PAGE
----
Jump to Content



The combination of near maximum takeoff weight, and the reduction of engine power to 81% soon after takeoff, meant that the aircraft had marginal climb performance when it encountered the turbulence and associated downdrafts. By not using the full takeoff distance available the pilot placed the aircraft on a climb profile that reduced terrain clearance and increased the risk of exposure to strong downdrafts.

The pilot's judgement may have been influenced by previous flights where different wind directions and lower wind strengths combined to give more favourable takeoff conditions. Additionally, the detrimental effect of an early power reduction would not have been as perceptible on training flights conducted at lower aircraft weights where the aircraft's climb performance would have been far greater. Although turbulence in the lee of the headland may have been present on previous occasions, the pilot had not encountered any significant downdraft activity. Consequently he was unprepared for conditions of that severity.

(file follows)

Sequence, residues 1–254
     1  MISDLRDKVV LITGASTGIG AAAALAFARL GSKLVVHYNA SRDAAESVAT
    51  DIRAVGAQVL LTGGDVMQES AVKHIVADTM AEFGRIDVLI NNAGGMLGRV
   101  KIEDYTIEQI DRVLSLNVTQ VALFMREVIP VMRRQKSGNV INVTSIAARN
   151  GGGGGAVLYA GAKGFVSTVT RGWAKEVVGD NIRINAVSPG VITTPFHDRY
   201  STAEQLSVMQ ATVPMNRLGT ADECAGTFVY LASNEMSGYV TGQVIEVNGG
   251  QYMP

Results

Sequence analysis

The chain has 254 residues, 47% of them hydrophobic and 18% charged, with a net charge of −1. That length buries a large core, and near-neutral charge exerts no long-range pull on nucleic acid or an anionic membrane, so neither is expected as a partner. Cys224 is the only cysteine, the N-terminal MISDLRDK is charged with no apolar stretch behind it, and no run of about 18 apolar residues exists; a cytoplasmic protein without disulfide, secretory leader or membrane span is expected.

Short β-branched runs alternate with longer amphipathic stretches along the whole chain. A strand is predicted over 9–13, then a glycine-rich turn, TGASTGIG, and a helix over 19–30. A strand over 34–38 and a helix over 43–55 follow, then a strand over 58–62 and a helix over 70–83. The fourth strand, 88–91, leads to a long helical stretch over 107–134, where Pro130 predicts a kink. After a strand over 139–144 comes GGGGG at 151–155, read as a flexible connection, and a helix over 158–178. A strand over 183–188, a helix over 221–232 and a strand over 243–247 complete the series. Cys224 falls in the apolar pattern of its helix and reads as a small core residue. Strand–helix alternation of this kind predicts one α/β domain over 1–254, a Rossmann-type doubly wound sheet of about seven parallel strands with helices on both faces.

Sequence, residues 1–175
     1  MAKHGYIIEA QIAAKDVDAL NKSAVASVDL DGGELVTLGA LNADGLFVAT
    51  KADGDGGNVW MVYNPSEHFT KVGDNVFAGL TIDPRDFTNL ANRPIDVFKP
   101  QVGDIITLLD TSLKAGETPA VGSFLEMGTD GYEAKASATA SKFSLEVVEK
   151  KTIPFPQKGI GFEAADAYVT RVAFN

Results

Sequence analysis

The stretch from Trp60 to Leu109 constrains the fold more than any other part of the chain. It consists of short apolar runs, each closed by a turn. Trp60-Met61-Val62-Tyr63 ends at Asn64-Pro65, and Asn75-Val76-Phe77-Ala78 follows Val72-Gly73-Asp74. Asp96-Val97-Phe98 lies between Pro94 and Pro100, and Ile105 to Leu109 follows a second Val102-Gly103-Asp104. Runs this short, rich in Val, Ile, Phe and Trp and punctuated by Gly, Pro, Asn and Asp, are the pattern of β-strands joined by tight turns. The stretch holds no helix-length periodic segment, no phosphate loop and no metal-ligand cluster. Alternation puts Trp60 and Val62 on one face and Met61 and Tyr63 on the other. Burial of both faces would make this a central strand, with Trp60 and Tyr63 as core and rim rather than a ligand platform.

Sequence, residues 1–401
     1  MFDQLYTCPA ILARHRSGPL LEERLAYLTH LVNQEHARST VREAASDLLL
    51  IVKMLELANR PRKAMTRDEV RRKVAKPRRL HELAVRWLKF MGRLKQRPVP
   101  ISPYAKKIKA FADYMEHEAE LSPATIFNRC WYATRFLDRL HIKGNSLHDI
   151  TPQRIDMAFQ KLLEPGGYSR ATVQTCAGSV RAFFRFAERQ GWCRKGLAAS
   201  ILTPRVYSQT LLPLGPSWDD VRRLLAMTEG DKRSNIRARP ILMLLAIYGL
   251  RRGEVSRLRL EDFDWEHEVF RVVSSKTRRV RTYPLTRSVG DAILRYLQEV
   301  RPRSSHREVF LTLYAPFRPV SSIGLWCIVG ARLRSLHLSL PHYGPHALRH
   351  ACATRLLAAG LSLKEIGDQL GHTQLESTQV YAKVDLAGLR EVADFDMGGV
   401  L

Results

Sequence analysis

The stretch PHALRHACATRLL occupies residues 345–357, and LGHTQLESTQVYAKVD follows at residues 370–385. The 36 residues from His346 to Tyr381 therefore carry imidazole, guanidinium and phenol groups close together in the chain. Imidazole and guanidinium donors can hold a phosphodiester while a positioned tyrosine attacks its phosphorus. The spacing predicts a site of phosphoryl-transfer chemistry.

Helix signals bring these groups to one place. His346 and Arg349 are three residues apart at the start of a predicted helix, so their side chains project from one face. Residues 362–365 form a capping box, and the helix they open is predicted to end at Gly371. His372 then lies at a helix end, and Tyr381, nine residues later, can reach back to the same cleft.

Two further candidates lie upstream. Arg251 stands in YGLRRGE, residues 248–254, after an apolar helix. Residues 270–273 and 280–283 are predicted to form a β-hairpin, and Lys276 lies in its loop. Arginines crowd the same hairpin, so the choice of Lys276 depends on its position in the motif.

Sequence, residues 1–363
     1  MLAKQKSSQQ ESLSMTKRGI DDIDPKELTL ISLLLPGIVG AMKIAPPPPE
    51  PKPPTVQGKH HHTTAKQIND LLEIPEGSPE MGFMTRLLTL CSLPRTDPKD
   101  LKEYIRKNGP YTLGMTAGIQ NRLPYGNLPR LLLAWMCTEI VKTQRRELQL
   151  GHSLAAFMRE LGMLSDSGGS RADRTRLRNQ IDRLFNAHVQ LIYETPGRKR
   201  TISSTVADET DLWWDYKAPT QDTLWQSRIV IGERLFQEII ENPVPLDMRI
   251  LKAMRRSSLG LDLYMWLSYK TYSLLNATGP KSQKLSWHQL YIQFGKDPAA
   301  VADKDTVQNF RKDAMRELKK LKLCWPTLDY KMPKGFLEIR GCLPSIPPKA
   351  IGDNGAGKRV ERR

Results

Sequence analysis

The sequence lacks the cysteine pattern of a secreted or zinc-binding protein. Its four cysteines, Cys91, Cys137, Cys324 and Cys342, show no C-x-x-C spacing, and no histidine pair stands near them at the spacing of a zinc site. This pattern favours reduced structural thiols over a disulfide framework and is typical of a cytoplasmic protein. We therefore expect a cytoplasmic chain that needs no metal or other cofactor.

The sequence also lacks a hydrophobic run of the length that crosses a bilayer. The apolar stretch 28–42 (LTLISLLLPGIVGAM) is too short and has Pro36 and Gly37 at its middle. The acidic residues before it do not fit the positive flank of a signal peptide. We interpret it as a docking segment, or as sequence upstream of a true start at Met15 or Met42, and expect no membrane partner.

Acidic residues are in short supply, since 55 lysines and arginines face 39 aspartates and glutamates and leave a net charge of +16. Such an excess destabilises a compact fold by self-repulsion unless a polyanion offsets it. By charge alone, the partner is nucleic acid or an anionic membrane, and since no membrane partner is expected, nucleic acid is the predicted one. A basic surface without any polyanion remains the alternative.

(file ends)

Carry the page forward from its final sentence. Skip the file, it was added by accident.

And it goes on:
Although the pilot turned left to avoid the elevated terrain when the aircraft descended in the turbulence, it was likely that the flight path placed the aircraft into even stronger downdraft activity. Without the immediate application of a higher power setting, the aircraft did not have sufficient performance margin to continue the climb or maintain altitude.

From the point where the pilot attempted to land the aircraft there was insufficient water distance remaining on which to land and stop the aircraft normally. The aircraft contacted the beach at a speed that was fast enough, when combined with the high centre of gravity of the aircraft type, to cause it to overturn.

Share this page Comment